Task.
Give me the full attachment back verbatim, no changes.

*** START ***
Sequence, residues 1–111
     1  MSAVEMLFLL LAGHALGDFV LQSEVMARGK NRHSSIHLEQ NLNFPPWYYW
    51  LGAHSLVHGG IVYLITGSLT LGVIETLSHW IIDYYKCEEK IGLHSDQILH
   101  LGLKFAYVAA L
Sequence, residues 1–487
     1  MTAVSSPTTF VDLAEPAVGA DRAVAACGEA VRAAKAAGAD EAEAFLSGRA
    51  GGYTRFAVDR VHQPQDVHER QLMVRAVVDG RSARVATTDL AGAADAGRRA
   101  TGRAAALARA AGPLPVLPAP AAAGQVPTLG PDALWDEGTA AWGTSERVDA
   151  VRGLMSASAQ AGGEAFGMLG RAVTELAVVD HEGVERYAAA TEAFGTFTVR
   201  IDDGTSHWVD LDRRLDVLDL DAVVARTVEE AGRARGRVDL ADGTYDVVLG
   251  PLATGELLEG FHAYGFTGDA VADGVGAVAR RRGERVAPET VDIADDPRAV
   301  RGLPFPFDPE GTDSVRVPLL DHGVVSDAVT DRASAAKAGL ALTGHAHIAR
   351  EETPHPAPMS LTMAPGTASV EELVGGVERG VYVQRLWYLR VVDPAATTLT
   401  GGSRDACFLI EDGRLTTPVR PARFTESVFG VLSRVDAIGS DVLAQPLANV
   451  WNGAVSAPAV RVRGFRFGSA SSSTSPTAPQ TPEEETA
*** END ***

Sequence, residues 1–111
     1  MSAVEMLFLL LAGHALGDFV LQSEVMARGK NRHSSIHLEQ NLNFPPWYYW
    51  LGAHSLVHGG IVYLITGSLT LGVIETLSHW IIDYYKCEEK IGLHSDQILH
   101  LGLKFAYVAA L
Sequence, residues 1–487
     1  MTAVSSPTTF VDLAEPAVGA DRAVAACGEA VRAAKAAGAD EAEAFLSGRA
    51  GGYTRFAVDR VHQPQDVHER QLMVRAVVDG RSARVATTDL AGAADAGRRA
   101  TGRAAALARA AGPLPVLPAP AAAGQVPTLG PDALWDEGTA AWGTSERVDA
   151  VRGLMSASAQ AGGEAFGMLG RAVTELAVVD HEGVERYAAA TEAFGTFTVR
   201  IDDGTSHWVD LDRRLDVLDL DAVVARTVEE AGRARGRVDL ADGTYDVVLG
   251  PLATGELLEG FHAYGFTGDA VADGVGAVAR RRGERVAPET VDIADDPRAV
   301  RGLPFPFDPE GTDSVRVPLL DHGVVSDAVT DRASAAKAGL ALTGHAHIAR
   351  EETPHPAPMS LTMAPGTASV EELVGGVERG VYVQRLWYLR VVDPAATTLT
   401  GGSRDACFLI EDGRLTTPVR PARFTESVFG VLSRVDAIGS DVLAQPLANV
   451  WNGAVSAPAV RVRGFRFGSA SSSTSPTAPQ TPEEETA